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We’re celebrating bread this week at Big Barn!

Bread – it’s an absolutely brilliant foodstuff. Unbelievably tasty with a whole multitude of toppings, it’s great for dipping, toasting, covering with spreads – there’s not much this staple can’t do. Plus, if you don’t like one type, then you’re bound to find something which tickles your fancy; with options from rye to a soft white or a country grain. Bread is a representative window into the culture of an area with every country having it’s own unique styles.

Our food week needs some stats to back up our lofty claims though, so did you know:
– Sandwiches account for 50% of bread consumption
– Bread remains one of the UK’s favourite foods, with nearly 12 million loaves sold per day.
– 44% of men eat bread twice a day compared with 25% of women.
– White bread accounts for 76% of the bread sold in the UK.
– Large bakeries, which produce wrapped and sliced bread, account for 80% of UK bread production.
– In store bakeries produce about 17% of bread
– Otto Frederick Rohwedder invented the first slice-and-wrap bread machine in 1928. By 1933 80% of all bread sold in the US was sliced and wrapped and the phrase ‘the best thing since sliced bread’ was coined.
– Over 200 different kinds of bread are produced in the UK – from butter rich brioche and crisp baguettes to farmhouse loaves and focaccia.

In recent years, bread consumption has dropped. We think that’s probably because modern, mass-produced breads use the Chorleywood method in making. This forces the bread to be produced as fast as possible and why many people have developed intolerance to gluten and bread.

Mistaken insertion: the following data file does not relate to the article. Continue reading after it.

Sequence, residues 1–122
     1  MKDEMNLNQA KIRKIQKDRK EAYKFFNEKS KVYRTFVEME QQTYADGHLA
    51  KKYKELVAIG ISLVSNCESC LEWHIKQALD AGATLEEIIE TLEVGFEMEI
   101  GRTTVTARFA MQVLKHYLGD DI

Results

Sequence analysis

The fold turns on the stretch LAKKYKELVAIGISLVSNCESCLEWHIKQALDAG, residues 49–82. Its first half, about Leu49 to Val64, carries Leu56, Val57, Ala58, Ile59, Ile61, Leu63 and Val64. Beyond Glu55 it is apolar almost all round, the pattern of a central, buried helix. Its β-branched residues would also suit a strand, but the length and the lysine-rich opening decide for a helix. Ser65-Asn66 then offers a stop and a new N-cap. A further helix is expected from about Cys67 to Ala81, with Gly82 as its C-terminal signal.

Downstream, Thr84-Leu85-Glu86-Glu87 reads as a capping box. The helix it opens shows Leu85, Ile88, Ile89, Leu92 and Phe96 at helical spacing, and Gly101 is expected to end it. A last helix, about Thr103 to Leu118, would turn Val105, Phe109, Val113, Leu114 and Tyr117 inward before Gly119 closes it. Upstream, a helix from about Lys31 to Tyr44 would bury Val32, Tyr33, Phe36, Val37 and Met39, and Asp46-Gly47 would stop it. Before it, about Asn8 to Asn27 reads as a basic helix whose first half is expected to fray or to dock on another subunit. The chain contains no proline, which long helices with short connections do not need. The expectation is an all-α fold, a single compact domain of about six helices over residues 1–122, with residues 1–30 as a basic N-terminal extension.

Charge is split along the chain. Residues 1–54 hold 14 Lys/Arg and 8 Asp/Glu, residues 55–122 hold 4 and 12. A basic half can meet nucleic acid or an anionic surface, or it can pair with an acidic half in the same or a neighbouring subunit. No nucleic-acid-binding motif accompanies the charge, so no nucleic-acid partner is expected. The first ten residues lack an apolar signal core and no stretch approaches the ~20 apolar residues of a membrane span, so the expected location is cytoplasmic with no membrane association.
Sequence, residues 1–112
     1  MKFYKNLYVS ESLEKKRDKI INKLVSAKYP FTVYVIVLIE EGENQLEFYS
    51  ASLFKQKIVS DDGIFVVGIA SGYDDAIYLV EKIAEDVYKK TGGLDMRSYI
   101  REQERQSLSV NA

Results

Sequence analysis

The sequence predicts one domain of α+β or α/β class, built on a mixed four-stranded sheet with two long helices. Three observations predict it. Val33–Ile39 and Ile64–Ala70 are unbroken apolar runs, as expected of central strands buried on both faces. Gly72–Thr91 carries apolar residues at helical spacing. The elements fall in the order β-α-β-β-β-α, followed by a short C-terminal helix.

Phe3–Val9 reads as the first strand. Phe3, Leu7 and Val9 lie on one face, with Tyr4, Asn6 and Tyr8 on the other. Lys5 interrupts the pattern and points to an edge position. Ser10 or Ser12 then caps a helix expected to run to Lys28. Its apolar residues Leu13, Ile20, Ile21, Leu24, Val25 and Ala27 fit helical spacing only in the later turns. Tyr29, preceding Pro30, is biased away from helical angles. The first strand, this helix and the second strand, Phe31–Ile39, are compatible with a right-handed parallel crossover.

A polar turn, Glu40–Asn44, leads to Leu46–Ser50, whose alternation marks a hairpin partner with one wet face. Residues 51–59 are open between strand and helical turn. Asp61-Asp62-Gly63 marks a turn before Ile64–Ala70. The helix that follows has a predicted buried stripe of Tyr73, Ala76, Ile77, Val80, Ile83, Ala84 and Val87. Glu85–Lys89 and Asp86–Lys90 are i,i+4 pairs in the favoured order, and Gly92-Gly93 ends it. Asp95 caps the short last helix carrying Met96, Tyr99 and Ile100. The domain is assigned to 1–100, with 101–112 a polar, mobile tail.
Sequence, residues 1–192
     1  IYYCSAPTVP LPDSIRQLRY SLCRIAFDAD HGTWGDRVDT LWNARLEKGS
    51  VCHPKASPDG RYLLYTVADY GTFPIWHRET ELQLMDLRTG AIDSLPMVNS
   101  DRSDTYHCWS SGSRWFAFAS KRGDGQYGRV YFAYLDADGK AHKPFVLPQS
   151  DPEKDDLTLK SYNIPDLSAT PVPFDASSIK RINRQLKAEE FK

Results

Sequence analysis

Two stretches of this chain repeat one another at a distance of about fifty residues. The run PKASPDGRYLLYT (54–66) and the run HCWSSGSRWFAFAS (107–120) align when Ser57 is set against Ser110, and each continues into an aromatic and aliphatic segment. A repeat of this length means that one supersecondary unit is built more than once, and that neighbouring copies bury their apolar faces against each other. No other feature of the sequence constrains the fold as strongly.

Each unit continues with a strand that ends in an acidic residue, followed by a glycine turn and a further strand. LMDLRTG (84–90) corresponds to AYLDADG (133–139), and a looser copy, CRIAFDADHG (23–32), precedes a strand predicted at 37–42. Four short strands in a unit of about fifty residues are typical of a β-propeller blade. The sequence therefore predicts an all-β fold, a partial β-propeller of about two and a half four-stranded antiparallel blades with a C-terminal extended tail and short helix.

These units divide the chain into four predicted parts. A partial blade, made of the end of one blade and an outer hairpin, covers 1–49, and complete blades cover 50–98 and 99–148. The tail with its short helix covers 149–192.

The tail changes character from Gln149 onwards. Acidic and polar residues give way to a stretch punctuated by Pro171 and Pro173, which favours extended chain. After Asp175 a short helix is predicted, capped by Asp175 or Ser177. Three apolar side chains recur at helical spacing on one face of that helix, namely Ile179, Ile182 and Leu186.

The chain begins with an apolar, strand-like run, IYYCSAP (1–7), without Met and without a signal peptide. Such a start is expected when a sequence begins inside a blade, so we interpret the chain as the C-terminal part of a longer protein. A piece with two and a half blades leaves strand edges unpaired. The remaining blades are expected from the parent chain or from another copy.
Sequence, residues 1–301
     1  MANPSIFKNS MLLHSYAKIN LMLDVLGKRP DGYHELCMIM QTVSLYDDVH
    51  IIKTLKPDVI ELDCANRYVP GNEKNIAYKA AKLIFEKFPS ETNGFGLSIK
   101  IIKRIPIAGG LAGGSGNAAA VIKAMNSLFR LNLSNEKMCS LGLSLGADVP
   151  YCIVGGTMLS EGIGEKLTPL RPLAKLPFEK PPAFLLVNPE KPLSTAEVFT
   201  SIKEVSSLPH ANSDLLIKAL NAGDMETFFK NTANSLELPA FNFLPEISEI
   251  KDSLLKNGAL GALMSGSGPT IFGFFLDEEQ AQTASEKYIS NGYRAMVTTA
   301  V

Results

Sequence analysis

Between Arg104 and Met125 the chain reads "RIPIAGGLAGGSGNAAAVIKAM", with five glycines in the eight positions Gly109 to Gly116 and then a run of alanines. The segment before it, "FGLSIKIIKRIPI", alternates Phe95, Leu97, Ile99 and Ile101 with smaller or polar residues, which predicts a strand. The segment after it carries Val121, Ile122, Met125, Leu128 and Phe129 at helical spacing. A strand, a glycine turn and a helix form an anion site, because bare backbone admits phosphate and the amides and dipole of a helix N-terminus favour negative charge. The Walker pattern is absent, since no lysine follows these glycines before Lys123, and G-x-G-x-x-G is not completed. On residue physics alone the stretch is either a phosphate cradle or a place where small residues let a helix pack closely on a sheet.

Unfortunately, this is symptomatic of a profit focused food industry; cutting costs by ‘streamlining’ and making ‘efficiency savings’, which is code for speeding up processes and using additives and cheap ingredients. Traditional bread makers give the break longer proving times to allow the yeast to break down some of the carbohydrates in the flour, making the bread much more digestible. This is why, after eating a modern bread sandwich, many people feel very tired and some are diagnosed as gluten intolerant, when they may not be.

The great news is that bread is very easy, and cheap, to make and there are plenty of recipes or even videos to watch on how to bake bread. You can buy the most important ingredient, flour, in our MarketPlace or enrol on a bread making course.

You could even make a video yourself and add it to our KIS (keep it Simple) Cookery video section to share your recipe with thousands.

We’ll end with a pun though – Why did the loaf of bread get upset? It’s plans kept going a rye!

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